Shallow Voter Cures

I wrote:

To the extent that some [voters] have a natural tendency to believe whatever the majority of ads they hear on such topics tell them, such shallow folks are in effect offering to believe whatever the most monetarily-eager advertisers want them to believe.  For such shallow folks, money-wise the loud can indeed drown out the less loud. …

If corporations are silenced … not only would that hinder non-shallow voters from getting info from corporations, the total distortion by shallow voters is not obviously reduced! … Mechanically, it would be straightforward to limit the franchise by age, income, IQ, education, knowledge test scores, etc. … Shallowness can vary with person, topic, and context. If it is rare, we can ignore it, but it is more common than not we need to seriously revise who can vote on what.

Now shallow voters, who just believe whatever a majority of ads say, are probably not a big problem.  After all, campaign spending seems remarkably ineffective.  But we could benefit from better informed and more attentive voters, so it’s worth considering reforms to get that.  Reducing who can vote is only one of many options:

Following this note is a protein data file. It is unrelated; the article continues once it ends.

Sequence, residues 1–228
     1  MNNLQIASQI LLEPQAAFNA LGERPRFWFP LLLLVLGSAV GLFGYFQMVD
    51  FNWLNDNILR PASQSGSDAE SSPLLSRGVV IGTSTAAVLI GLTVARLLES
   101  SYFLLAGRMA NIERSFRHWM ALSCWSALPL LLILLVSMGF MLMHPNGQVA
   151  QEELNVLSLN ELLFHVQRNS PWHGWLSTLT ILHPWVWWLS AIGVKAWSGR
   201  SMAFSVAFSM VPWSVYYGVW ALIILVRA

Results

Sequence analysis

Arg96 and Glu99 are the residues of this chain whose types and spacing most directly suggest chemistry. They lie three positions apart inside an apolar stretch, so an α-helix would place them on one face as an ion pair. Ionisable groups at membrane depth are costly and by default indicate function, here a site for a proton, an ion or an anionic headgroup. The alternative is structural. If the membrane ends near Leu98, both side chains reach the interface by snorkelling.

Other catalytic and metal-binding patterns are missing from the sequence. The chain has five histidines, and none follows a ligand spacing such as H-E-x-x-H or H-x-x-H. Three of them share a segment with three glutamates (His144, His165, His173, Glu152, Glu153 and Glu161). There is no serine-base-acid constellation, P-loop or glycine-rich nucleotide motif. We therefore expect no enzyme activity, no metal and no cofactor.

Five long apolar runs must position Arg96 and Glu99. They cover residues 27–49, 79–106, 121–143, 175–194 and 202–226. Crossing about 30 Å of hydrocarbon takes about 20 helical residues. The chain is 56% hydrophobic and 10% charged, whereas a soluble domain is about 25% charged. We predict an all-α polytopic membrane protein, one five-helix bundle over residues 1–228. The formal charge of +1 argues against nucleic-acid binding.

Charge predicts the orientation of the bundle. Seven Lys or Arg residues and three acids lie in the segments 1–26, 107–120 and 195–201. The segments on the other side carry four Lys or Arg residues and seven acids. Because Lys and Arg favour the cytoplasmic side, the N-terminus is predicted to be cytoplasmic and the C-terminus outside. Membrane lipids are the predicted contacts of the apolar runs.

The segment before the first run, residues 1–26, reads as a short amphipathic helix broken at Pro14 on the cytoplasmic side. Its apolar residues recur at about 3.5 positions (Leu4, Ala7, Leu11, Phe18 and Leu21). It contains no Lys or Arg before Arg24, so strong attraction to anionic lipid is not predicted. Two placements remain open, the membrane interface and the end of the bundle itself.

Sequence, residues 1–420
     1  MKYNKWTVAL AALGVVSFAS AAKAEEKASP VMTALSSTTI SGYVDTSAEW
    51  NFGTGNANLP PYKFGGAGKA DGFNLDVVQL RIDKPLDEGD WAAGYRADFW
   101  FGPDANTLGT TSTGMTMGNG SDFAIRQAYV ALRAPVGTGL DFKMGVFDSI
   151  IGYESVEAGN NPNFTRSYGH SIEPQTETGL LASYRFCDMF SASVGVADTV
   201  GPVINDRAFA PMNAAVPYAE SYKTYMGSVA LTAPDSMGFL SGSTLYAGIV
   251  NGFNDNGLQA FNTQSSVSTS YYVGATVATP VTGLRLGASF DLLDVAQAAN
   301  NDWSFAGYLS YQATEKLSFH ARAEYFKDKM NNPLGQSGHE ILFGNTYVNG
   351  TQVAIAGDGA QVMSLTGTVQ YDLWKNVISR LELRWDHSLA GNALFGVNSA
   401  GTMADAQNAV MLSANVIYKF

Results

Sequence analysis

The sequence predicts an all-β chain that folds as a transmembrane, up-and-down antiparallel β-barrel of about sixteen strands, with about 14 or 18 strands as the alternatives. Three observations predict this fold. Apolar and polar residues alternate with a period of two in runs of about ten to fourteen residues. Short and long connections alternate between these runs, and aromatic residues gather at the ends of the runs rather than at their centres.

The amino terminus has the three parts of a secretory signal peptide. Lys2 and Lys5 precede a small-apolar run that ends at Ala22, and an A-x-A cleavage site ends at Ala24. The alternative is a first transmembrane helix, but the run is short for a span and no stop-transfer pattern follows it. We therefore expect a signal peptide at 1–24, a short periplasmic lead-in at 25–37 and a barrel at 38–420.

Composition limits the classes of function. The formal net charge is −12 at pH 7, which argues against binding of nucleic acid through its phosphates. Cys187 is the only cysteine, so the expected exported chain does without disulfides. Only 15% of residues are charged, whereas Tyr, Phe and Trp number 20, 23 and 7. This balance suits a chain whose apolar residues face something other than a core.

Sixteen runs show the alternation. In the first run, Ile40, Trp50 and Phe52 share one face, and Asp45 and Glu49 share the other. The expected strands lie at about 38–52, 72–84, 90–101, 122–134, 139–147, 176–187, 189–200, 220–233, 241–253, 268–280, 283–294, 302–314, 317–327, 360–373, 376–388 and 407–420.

• Juries – randomly select a small jury of voters to participate in each election.  Each juror chosen would know they have a much better chance of making a difference, and so would pay more attention.
  • Rotation – rotate voters across years and offices, so that they do not always vote on everything.  This would also focus voter attention because they would know they made more of a difference.
  • Topic – divide policies into topics, and let each voter pick their specialty topic.  Votes among topic specialists would somehow set policy on that topic.
  • Jury Foremen – randomly group citizens in each neighborhood into juries of thirteen, and have each jury, well in advance, elect a foreman to vote in the general election.  They’d elect smart foremen, little constrained on how to vote.
  • More ideas?

Why are all those folks, so very concerned that firms with free speech might manipulate shallow voters, so uninterested in these options?

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